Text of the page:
Fire-System Maintenance Includes Fire Alarms and Extinguishers
Today’s fire-alarm systems are more complex and advanced than the systems they replace. For this reason, they require greater attention to inspection, testing, and maintenance (ITM) to reduce life-cycle costs, extend service life, and avoid liability.
Faced with changing code requirements and a need to hold down costs, maintenance and engineering managers face an even tougher challenge developing proactive ITM programs. It is essential managers understand their responsibilities for ITM, initiate preventive maintenance (PM) programs, take steps to assure compliance, and properly train staff.
Proper ITM directly affects the performance and reliability of fire-alarm systems. The process is one of a manager’s most important responsibilities. Yet it remains one of the least likely to receive full attention.
Studies have established dollar equivalents for fire-related deaths and injuries at $1 million per death and $166,000 per injury. The financial considerations are apparent: If a fire-alarm system fails to detect the presence of smoke, fails to notify occupants, or delays an alarm transmission to the fire department, can the organization handle the liability and consequences of failing to properly maintain such important life-safety features?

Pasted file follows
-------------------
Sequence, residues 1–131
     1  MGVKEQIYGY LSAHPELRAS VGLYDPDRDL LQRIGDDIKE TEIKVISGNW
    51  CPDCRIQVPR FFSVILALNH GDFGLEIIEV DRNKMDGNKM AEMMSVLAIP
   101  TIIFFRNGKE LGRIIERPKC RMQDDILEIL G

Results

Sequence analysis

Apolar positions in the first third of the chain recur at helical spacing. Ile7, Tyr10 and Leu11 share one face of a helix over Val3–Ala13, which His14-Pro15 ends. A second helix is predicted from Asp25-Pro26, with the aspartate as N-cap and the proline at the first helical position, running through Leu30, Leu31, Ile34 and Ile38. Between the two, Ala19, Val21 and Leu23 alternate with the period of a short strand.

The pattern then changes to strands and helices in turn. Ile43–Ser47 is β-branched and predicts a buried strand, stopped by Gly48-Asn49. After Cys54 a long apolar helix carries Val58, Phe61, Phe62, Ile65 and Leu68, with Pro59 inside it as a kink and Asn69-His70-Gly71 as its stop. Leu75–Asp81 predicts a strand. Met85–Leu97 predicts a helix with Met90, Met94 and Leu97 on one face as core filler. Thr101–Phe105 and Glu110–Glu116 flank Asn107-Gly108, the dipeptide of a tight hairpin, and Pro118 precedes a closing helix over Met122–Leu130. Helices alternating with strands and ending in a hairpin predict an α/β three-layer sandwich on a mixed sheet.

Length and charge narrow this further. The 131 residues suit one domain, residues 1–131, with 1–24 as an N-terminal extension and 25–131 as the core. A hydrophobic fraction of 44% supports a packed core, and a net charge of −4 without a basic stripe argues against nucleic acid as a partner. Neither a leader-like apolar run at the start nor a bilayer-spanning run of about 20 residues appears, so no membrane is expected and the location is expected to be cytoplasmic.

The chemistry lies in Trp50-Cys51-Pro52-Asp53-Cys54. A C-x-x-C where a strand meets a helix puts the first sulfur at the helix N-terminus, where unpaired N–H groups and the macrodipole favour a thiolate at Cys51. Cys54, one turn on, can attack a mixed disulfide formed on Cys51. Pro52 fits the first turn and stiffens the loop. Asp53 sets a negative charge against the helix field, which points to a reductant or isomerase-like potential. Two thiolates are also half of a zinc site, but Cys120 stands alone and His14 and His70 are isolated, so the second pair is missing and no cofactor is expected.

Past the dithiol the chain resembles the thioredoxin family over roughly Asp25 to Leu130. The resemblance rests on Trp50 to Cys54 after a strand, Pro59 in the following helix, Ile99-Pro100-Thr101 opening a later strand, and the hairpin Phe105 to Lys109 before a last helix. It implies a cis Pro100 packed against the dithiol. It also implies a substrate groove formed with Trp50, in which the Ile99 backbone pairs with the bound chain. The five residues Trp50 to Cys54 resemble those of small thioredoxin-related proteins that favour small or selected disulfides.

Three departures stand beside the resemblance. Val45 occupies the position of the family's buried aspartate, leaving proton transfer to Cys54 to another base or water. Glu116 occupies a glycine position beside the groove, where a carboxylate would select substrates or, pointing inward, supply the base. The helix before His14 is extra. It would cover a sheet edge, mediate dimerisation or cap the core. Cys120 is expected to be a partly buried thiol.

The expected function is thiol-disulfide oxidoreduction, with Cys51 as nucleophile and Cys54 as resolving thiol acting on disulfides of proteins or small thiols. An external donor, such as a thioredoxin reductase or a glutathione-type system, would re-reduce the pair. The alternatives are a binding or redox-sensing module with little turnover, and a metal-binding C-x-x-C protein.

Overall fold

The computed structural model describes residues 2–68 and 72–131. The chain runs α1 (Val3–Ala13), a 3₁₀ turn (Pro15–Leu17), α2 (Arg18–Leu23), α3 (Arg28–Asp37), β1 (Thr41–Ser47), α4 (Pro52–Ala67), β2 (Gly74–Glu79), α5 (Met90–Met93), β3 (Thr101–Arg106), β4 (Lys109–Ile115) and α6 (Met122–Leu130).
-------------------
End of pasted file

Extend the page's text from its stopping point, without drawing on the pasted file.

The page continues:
Most facilities feature systems or products that are maintenance-free, meaning they remain in place for the life of the building without maintenance. But many structural and operational features require regular maintenance. Penetrations, dampers, and doors in fire-rated walls are examples of building features departments must maintain properly.
Technicians must maintain automatic-fire-sprinkler and standpipe systems, portable fire extinguishers, and fire-alarm and -detection systems under model codes and standards. Managers should be thoroughly familiar with features that require maintenance and the frequency of those activities. Managers who do not regularly ensure the maintenance of fire-alarm systems instead will end up fixing something after it fails, while also recovering from the failure’s effects.